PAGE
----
What is the Clean Water Act quizlet?

What is the Clean Water Act quizlet?

The CWA is a comprehensive and technically rigorous piece of legislation that seeks to protect the nations navigable water ways from pollutions. To do this the CWA specifically regulates pollutant discharge inot the “Navigable Waters” of the US by implementing two concepts.

What is the term for the accumulation of pollutants at successive levels of the food chain?

Biomagnification is the accumulation of pollutants at successive levels of the food chain.

Which act establishes standards for US water quality and purity?

Known as the Safe Drinking Water and Toxic Enforcement Act, Prop. Establishes drinking water standards for tap water safety, and requires rules for groundwater protection from underground injection; amended in 1986 and 1996.

Which activity accounts for the greatest percentage of fresh water used worldwide?

In most regions of the world, over 70 percent of freshwater is used for agriculture.

What are the three main goals of the Clean Water Act?

The CWA aims to prevent, reduce, and eliminate pollution in the nation’s water in order to “restore and maintain the chemical, physical, and biological integrity of the Nation’s waters”, as described in CWA section 101(a).

Which of the following does the Clean Water Act and Safe Drinking Water Act do?

First passed in 1972, the Clean Water Act (CWA) serves to maintain chemical, biological and physical integrity of the navigable waters of the United States. The CWA made it unlawful to discharge any pollutant from a point source into navigable waters, unless a permit was obtained.

How does DDT bioaccumulate?

When an animal consumes food having DDT residue, the DDT accumulates in the tissue of the animal by a process called bioaccumulation. The higher an animal is on the food chain (e.g. tertiary consumer such as seals), the greater the concentration of DDT in their body as a result of a process called biomagnification.

How much of our fresh water resources are used every day why don’t we run out of water?

irrigation. Considering how much fresh water is used everyday, why don’t we run out of water? We don’t run out of water because water is a renewable resource that is continually recycles. Water that is used ends up in surface water where it evaporates and returns to Earth as precipitation.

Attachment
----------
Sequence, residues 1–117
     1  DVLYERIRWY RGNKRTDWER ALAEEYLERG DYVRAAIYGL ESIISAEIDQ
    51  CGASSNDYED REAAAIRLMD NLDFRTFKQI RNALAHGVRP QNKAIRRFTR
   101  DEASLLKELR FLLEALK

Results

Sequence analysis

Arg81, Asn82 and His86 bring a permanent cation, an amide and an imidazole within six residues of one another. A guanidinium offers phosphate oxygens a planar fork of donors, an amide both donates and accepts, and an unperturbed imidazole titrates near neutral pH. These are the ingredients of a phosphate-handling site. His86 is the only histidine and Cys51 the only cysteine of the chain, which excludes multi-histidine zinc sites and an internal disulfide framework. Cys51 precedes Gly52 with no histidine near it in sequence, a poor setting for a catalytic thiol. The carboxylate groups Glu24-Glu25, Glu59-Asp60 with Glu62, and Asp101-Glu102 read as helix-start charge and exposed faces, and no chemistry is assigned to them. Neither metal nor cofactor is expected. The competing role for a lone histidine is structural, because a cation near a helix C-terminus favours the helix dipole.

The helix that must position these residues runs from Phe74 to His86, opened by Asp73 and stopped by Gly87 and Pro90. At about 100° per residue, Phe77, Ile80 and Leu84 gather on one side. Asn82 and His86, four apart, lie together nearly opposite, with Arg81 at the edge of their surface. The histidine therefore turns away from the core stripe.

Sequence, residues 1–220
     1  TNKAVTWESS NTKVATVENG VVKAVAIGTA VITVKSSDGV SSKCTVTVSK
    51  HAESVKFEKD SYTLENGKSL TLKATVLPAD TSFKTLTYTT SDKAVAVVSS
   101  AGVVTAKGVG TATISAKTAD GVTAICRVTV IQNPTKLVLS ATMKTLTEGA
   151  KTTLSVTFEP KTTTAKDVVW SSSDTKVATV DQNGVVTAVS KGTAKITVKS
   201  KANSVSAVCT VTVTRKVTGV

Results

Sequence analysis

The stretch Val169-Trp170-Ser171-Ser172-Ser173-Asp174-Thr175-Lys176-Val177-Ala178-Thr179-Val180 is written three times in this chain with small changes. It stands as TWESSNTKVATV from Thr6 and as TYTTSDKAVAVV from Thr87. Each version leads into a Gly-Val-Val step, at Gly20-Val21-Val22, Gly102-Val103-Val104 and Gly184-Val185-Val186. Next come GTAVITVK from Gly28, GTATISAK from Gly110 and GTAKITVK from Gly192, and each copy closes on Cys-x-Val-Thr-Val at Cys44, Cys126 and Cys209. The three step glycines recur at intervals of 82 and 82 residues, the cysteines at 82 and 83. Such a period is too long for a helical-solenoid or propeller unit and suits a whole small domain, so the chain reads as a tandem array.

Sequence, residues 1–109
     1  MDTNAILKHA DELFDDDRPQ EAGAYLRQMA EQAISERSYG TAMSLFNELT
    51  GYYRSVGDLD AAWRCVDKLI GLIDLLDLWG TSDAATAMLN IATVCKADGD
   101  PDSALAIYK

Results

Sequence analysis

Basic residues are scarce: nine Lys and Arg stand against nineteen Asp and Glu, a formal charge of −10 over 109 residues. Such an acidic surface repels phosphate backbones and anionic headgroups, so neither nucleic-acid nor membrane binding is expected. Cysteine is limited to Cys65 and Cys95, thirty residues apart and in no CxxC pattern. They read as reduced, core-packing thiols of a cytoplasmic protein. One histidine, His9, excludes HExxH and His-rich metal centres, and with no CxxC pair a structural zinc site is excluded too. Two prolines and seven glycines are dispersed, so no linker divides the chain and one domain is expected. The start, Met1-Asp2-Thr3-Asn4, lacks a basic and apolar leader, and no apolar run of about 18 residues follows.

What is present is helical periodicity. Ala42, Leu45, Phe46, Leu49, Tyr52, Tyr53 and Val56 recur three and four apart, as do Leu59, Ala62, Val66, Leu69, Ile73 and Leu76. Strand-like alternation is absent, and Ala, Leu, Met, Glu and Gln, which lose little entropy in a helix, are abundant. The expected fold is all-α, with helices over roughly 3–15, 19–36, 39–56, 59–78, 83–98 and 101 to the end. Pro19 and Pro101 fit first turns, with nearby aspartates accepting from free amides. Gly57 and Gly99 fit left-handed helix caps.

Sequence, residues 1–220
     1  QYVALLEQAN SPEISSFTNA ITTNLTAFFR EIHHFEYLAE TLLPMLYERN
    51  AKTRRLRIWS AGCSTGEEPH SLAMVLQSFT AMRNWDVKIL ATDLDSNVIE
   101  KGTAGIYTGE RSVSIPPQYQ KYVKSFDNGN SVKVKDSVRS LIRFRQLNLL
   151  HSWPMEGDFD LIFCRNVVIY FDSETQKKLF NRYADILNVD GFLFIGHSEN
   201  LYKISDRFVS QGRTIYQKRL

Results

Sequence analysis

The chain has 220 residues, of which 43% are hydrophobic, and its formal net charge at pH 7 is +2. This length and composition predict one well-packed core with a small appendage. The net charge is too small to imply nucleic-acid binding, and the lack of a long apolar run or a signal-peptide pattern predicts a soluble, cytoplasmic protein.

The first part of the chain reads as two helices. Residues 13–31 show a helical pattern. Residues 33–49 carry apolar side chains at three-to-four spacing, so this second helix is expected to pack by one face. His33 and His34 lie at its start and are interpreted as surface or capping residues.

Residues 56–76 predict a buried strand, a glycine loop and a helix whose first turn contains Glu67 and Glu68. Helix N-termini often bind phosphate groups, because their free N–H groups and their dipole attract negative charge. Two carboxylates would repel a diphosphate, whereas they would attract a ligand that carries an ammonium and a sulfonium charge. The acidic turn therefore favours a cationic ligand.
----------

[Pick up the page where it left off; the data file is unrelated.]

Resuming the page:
What are the six categories of drinking water contaminants?

coli, Giardia, and noroviruses), inorganic chemicals (e.g., lead, arsenic, nitrates, and nitrites), organic chemicals (e.g., atrazine, glyphosate, trichloroethylene, and tetrachloroethylene), and disinfection byproducts (e.g., chloroform).

What law establishes drinking water standards?

The Safe Drinking Water Act (SDWA) was passed by Congress in 1974, with amendments added in 1986 and 1996, to protect our drinking water. Under the SDWA, EPA sets the standards for drinking water quality and monitors states, local authorities, and water suppliers who enforce those standards.

What is the #1 contributor to groundwater contamination in the United States today?

In the U.S. today, there are thought to be over 20,000 known abandoned and uncontrolled hazardous waste sites and the numbers grow every year. Hazardous waste sites can lead to groundwater contamination if there are barrels or other containers laying around that are full of hazardous materials.

What consumes the most fresh water?

That is why the more significant use of surface water is for irrigation, which used about 31 percent of all fresh surface water; ignoring thermoelectric-power withdrawals, irrigation accounted for about 63 percent of the Nation’s surface-water withdrawals.

Which is Act strengthened laws against dumping waste in u.s.waters?

Which act strengthened the laws against dumping waste in u.s. Waters? A.marine protection, research, and sanctuaries act.

What was the Ocean Dumping Act of 1972?

Ocean Dumping Act: A Summary of the Law Congressional Research Service 1. Introduction. The Marine Protection, Research, and Sanctuaries Act of 1972 (MPRSA, P.L. 92-532) has two basic aims: to regulate intentional ocean disposal of materials, and to authorize related research.

How is ocean dumping regulated in the US?

Dumping that occurs in, or affects, ocean waters of a state also may be subject to review for consistency with the enforceable policies of a state’s National Oceanic and Atmospheric Administration (NOAA)-approved coastal zone program under the Coastal Zone Management Act.

When did the United States stop dumping waste into the ocean?

The United States’ prohibition on the ocean dumping of industrial wastes in 1988 (phasing out the practice in 1992) demonstrated to other countries that such a goal could be accomplished without sacrificing economic growth or standards of living.